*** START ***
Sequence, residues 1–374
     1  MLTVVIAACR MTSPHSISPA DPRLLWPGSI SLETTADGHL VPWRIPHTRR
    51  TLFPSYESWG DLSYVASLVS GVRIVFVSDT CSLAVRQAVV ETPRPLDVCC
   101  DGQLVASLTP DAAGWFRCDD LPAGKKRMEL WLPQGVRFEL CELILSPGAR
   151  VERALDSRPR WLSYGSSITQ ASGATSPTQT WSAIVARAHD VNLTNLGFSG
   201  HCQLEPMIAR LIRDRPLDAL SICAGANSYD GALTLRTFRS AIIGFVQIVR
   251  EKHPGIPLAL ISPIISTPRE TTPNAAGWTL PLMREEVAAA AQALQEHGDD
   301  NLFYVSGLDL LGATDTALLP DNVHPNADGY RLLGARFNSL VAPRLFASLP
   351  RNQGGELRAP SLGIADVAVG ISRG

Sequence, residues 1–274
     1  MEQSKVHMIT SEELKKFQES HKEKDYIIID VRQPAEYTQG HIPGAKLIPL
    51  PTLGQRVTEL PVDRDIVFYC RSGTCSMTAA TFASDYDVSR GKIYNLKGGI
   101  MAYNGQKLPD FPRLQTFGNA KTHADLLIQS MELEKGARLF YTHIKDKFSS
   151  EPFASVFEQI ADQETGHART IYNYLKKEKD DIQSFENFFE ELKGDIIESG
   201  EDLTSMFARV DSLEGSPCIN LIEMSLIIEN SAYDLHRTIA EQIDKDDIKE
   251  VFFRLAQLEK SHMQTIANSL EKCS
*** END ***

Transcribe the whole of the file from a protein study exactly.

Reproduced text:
Sequence, residues 1–374
     1  MLTVVIAACR MTSPHSISPA DPRLLWPGSI SLETTADGHL VPWRIPHTRR
    51  TLFPSYESWG DLSYVASLVS GVRIVFVSDT CSLAVRQAVV ETPRPLDVCC
   101  DGQLVASLTP DAAGWFRCDD LPAGKKRMEL WLPQGVRFEL CELILSPGAR
   151  VERALDSRPR WLSYGSSITQ ASGATSPTQT WSAIVARAHD VNLTNLGFSG
   201  HCQLEPMIAR LIRDRPLDAL SICAGANSYD GALTLRTFRS AIIGFVQIVR
   251  EKHPGIPLAL ISPIISTPRE TTPNAAGWTL PLMREEVAAA AQALQEHGDD
   301  NLFYVSGLDL LGATDTALLP DNVHPNADGY RLLGARFNSL VAPRLFASLP
   351  RNQGGELRAP SLGIADVAVG ISRG

Sequence, residues 1–274
     1  MEQSKVHMIT SEELKKFQES HKEKDYIIID VRQPAEYTQG HIPGAKLIPL
    51  PTLGQRVTEL PVDRDIVFYC RSGTCSMTAA TFASDYDVSR GKIYNLKGGI
   101  MAYNGQKLPD FPRLQTFGNA KTHADLLIQS MELEKGARLF YTHIKDKFSS
   151  EPFASVFEQI ADQETGHART IYNYLKKEKD DIQSFENFFE ELKGDIIESG
   201  EDLTSMFARV DSLEGSPCIN LIEMSLIIEN SAYDLHRTIA EQIDKDDIKE
   251  VFFRLAQLEK SHMQTIANSL EKCS